Bill Callahan: Dream River (The National, UAE)

You will I hope join with me in celebrating the addition this week to Bill Callahan’s February 2014 tour, of a second date at the Royal Festival Hall. I reviewed his album Dream River for the readers of The National – the broadsheet newspaper of the United Arab Emirates. As you will infer from the edit, the title of Bill’s 2000 LP Dongs Of Sevotion was deemed inappropriate for that publication’s market.

More info on tickets here:


Dream River


For the singer-songwriters of Bill Callahan’s generation, who made their first records in the early 1990s, the operative word was often “enigmatic”. Will Oldham, who today records as Bonnie “Prince” Billy, adopted various pseudonyms based around the word “Palace”, and made records of obscure subject and provenance, which he was not inclined to elucidate. Stephen Malkmus, of the group Pavement, spoke in riddles, Lou Barlow, the frontman of Sebadoh, traded in misery, pure, simple and pseudonymous. Callahan himself recorded as Smog, sometimes (Smog), the name a cloak of vagueness (was Smog a band, or a solo artist?) from which he was able to evade the job description of “singer-songwriter”.

Not that this would necessarily have been anyone’s immediate label for his earliest works. These, like his home-recorded second album, Forgotten Foundation (1992) are obscure to the point of inaudible. If you can determine anything from them at 20 years remove, it is a certain ironic wit. One song, Guitar Innovator, features Callahan bawling musicianly clichés, including “We’re just a rock ‘n’ roll band!” over and over.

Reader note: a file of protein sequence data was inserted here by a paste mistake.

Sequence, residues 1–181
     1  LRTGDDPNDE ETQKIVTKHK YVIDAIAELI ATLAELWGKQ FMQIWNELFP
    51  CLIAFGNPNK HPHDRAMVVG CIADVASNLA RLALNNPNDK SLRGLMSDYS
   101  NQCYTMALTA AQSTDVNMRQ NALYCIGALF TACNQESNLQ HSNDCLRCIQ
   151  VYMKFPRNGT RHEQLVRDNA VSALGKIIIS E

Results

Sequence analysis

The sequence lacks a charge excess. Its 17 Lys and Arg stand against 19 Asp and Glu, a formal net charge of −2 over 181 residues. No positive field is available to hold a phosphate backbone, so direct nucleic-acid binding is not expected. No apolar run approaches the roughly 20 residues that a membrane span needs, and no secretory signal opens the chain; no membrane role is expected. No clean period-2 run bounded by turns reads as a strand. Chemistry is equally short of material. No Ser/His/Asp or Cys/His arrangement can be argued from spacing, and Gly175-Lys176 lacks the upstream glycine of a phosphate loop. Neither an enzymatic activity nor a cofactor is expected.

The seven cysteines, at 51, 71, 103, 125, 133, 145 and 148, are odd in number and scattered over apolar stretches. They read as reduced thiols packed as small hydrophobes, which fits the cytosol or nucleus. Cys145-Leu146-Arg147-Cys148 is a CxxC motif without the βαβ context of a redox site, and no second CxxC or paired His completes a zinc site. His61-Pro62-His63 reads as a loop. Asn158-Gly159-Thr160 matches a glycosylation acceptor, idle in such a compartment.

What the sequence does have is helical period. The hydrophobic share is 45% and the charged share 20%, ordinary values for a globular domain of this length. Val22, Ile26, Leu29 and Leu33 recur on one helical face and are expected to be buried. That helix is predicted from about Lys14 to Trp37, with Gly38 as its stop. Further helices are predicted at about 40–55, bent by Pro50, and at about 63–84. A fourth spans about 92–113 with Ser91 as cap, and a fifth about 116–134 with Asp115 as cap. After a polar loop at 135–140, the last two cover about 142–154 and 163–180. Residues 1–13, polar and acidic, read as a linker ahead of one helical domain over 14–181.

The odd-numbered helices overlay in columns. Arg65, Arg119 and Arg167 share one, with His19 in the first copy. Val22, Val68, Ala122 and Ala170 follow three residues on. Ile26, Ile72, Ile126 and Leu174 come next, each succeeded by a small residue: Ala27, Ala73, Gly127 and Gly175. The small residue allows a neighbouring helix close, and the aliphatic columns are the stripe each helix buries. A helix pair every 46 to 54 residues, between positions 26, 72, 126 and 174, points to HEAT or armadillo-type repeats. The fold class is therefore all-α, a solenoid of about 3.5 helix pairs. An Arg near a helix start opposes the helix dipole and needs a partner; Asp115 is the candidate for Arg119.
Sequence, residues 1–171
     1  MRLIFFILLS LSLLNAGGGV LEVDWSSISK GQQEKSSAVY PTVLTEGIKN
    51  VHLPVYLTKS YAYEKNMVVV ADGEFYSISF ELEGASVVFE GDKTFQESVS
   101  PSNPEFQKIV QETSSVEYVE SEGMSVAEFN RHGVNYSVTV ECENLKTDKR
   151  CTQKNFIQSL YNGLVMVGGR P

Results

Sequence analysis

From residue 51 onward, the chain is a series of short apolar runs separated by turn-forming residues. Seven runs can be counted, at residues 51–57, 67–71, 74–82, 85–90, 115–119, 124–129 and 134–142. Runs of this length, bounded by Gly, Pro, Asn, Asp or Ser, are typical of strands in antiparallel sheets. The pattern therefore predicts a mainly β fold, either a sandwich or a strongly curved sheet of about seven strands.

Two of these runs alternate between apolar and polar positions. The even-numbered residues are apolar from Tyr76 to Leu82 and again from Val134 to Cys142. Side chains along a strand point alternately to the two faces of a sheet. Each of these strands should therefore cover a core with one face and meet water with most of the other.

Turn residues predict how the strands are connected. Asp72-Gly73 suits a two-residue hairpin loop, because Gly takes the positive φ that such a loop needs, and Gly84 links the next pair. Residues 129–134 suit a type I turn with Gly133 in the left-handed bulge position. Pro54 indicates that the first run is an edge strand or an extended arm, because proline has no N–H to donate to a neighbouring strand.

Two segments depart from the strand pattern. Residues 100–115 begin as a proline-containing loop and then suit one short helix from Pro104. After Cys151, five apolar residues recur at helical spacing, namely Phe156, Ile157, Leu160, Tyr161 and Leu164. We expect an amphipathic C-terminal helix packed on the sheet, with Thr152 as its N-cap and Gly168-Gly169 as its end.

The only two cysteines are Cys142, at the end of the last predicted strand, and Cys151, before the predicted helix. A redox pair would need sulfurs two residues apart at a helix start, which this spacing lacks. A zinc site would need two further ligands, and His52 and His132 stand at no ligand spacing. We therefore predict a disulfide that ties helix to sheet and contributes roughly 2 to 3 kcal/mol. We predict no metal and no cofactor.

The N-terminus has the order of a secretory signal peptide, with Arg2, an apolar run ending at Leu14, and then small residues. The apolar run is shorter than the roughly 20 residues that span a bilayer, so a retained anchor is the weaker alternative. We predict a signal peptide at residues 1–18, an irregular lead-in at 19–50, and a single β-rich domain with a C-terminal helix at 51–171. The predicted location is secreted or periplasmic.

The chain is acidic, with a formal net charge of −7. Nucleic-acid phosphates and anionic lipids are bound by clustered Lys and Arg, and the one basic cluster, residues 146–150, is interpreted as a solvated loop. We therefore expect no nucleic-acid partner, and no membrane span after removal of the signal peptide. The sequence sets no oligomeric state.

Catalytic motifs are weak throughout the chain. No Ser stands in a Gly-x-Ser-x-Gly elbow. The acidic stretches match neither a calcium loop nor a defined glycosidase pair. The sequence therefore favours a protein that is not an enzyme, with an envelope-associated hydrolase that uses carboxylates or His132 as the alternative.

At the time, when the world was empathising with and emoting to successful rock bands like Nirvana, this kind of home-recorded, unambitious pursuit was representative of something called “lo-fi”. It took place in bedrooms, not stadiums. It was not commercially successful. But in its way it was no less cathartic, and certainly no less vital a way for individual voices to find expression.

Bill Callahan’s was perhaps the most significant of these voices, and his sound has been becoming progressively more well-articulated ever since. This is music that is played on guitar but isn’t folk, is rural but isn’t country, and is literary but without being self-conscious. Even well before his 2007 decision to throw off the title Smog and to release his Woke on a Whaleheart album under his own name, his music had moved by increments towards the laconic and original work he makes today.

His 1999 album Knock Knock incorporated several magnificent examples of his developing art. In River Guard, he conjured a languid short story about taking prison inmates swimming, which evolved into a meditation on encroaching time. Cold Blooded Old Times pathologised sexual nostalgia (“How can I stand and laugh with the man,” he sang, grimly, “Who redefined your body …”). This would be a field into which he moved with some ribaldry on his next album. Its key number was a song called Dress Sexy at My Funeral, in which the deceased recalled the various locations in which he and his wife formerly made love.